Lighting for Interior Design
Without light, interior architecture cannot be fully experienced. However, light can influence much more than our visual experience. Part One, Theory, looks at the physics and technology behind lighting. Part Two, Process and Practice, looks more specifically at the use of lighting in interior design and outlines the key design issues and principles. The book goes on to show the ways of representing lighting schemes using CAD and 3D models and how to implement and test these designs. Finally, the book explains how to deal with contractors, clients and other professionals. This book takes a detailed, practical look at lighting in interior design, giving students all the key information and skills they need to be able to tackle lighting successfully in their designs.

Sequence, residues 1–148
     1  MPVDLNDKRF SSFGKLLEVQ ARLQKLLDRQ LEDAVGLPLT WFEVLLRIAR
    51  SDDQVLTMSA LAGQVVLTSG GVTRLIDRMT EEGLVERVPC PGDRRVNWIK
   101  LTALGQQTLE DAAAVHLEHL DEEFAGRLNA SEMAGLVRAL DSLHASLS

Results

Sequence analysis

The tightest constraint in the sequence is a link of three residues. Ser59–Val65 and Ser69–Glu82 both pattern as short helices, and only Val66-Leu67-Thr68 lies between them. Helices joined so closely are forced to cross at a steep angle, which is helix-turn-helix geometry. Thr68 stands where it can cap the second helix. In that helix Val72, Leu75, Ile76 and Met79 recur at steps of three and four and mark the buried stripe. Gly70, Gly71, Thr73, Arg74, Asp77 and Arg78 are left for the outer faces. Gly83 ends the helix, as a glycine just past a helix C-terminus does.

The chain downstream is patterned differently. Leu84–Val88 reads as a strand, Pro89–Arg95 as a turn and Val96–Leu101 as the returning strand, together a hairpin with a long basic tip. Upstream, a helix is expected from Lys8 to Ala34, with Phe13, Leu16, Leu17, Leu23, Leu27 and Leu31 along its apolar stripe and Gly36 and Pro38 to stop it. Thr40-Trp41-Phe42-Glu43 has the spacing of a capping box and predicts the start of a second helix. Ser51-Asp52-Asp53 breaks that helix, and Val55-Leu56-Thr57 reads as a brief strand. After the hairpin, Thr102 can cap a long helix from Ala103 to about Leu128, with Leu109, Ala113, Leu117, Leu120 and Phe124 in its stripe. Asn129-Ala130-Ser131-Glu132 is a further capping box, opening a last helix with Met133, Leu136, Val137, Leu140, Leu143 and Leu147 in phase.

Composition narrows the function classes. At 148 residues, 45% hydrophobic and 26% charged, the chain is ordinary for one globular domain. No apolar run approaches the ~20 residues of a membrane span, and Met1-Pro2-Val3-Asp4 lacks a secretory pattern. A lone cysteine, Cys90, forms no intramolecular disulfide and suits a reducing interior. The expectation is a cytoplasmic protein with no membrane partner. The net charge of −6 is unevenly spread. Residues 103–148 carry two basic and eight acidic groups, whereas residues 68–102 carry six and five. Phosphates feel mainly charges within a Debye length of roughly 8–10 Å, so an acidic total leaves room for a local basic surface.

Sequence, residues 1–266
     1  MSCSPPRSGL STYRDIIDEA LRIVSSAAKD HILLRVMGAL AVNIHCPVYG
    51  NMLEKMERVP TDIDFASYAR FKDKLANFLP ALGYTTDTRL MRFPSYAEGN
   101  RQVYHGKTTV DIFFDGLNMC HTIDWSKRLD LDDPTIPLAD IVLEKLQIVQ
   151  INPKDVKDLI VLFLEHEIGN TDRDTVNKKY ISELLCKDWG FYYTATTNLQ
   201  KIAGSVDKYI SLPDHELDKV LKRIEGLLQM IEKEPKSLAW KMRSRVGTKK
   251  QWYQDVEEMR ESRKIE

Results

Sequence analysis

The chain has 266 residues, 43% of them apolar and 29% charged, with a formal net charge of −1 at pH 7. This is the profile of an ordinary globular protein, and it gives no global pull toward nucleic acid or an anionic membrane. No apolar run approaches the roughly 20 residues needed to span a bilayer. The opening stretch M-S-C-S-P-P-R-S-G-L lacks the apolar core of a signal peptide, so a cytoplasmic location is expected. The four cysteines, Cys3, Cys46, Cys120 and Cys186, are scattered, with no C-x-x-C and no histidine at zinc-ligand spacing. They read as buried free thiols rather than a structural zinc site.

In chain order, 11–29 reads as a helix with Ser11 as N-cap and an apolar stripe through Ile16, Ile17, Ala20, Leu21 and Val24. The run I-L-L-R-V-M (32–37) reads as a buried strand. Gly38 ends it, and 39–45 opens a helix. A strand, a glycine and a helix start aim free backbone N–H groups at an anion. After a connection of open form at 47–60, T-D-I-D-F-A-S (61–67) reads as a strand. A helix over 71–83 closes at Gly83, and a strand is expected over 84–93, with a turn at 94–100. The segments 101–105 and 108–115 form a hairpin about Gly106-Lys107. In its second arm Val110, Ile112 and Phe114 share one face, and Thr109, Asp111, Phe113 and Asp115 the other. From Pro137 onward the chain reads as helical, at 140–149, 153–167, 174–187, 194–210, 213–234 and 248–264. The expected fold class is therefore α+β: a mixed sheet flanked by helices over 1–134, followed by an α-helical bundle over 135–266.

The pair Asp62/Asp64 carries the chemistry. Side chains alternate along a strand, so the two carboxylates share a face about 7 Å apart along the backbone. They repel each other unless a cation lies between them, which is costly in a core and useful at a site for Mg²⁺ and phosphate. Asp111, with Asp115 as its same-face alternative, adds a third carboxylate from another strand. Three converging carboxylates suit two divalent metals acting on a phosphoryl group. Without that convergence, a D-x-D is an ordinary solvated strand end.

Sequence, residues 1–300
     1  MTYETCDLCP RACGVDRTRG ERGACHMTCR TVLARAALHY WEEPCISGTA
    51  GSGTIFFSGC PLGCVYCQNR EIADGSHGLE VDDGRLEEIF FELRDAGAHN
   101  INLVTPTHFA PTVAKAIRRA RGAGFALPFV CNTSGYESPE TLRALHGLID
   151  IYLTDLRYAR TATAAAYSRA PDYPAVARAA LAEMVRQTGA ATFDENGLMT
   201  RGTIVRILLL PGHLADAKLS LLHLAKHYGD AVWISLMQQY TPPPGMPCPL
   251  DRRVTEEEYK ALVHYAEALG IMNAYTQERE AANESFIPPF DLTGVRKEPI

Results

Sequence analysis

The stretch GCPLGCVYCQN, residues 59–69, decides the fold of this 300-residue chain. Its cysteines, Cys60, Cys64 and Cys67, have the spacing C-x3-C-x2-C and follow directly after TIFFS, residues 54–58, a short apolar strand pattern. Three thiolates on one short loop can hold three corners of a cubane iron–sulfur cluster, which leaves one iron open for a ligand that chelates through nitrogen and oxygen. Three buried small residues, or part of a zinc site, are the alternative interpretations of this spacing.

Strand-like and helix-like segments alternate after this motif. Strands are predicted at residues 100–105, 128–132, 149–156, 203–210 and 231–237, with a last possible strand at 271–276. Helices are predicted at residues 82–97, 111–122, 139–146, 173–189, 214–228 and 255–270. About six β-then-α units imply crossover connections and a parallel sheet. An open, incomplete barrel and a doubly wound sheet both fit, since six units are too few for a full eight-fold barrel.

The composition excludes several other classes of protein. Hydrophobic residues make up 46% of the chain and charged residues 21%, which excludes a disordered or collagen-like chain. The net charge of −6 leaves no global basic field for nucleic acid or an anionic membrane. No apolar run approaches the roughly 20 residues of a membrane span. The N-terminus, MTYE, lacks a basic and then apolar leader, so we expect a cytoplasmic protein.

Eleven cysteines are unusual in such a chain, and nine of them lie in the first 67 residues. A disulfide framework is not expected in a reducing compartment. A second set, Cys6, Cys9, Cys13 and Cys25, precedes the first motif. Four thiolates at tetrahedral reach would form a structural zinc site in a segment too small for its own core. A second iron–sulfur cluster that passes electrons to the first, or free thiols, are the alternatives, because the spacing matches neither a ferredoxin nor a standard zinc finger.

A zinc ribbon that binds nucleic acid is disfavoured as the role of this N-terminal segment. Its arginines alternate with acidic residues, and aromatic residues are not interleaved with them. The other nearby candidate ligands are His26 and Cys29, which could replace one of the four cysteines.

8 PART I THEORY 10 1. The physics of light 11 What is light? 12 The physical properties of light - what designers need to know 13 Reflection 14 Mirrors 15 Transparency 16 Filters and lenses 18 Refraction 19 Shadows 20 What is colour? 24 Quantifying light 25 Luminance 25 Candela 25 Lumen 25 Luminous flux 25 Lux 25 Illuminance 25 Light meters 26 2. Human factors 26 Sensing light 27 Adaption 28 Experiencing changes in light levels 29 Eyes and the sense of sight 30 Stereo vision 32 Motion detection 33 Low light sensitivity 34 Light and psychology 34 How do we see? 35 Preferences 36 3. Natural light 36 What do humans need? 38 Sources of natural light 40 Range of intensity 41 Direction of natural light 42 Colour and natural light 45 Daylight control 46 Case study: Architecture Gallery, Victoria & Albert Museum, London, UK 48 4. Electric light 49 Sources of electric light 49 Incandescent light sources 50 Discharge light sources 55 Electroluminescent light sources 57 Luminaires 58 Dispersive and directional luminaires 59 Concealed luminaires 59 Manufacturer's data 60 Generic luminaire types 62 Visualizing patterns of light 64 Visualizing spotlight data 65 Isolux diagrams 66 Lighting control systems 68 Mains voltage dimming 70 Electronic dimming 72 PART II PROCESS AND PRACTICE 74 5. Lighting principles 74 Visual hierarchy 76 Understanding qualities of natural light 77 Understanding layers of light 79 Change and variation 80 Creating drama through lighting 82 Changing and controlling light 86 Surfaces and texture 88 6. Lighting for people 88 How much light is enough? 90 Lighting for comfort and safety 91 Task lighting 92 Lighting for orientation 94 Step by step: Lighting a corridor 96 Case study: Wayfinding: Terminal 2F, Charles de Gaulle Airport, Paris, France 98 Avoiding glare 100 Case study: Low light gallery, St Mungo's Museum of Religious Life and Art, Glasgow, UK 102 7. Lighting for architecture 102 Ambient lighting 106 Accent lighting 110 Case study: One Gyle Square, Edinburgh, UK 114 Case study: Sheikh Zayed bin Sultan Al-Nahyan Mosque (The Grand Mosque), Abu Dhabi, UAE 120 Lighting vertical surfaces 121 Integrating light with architecture 122 Case study: Morimoto Restaurant, Philadelphia, USA 126 8. The design process 128 Researching the project 128 Analysis of needs 129 Outline proposal stage 129 Detail design stage 129 Construction stage 129 Final focus and programming 129 Client handover 130 Case study: St Machar's Cathedral, Aberdeen, UK 140 9. Recording and visualizing lighting 141 Drawing and sketching 142 Abstract representation 144 Diagrammatic representation 146 Photography 148 Computer renders as a design tool 150 Physical models 154 10. Project communication and completion 155 What is enough information? 156 Sections and elevation drawings 158 Case study: Musee de l'Orangerie, Paris, France 162 Lighting renders 164 Step by step: Using computer models 166 Recording circuiting and control intent 168 Use of sketch details 170 Lighting mock-ups and tests 172 Specification documents 172 Generic specification 172 Detailed specification 174 Realizing the project 175 Final focusing and programming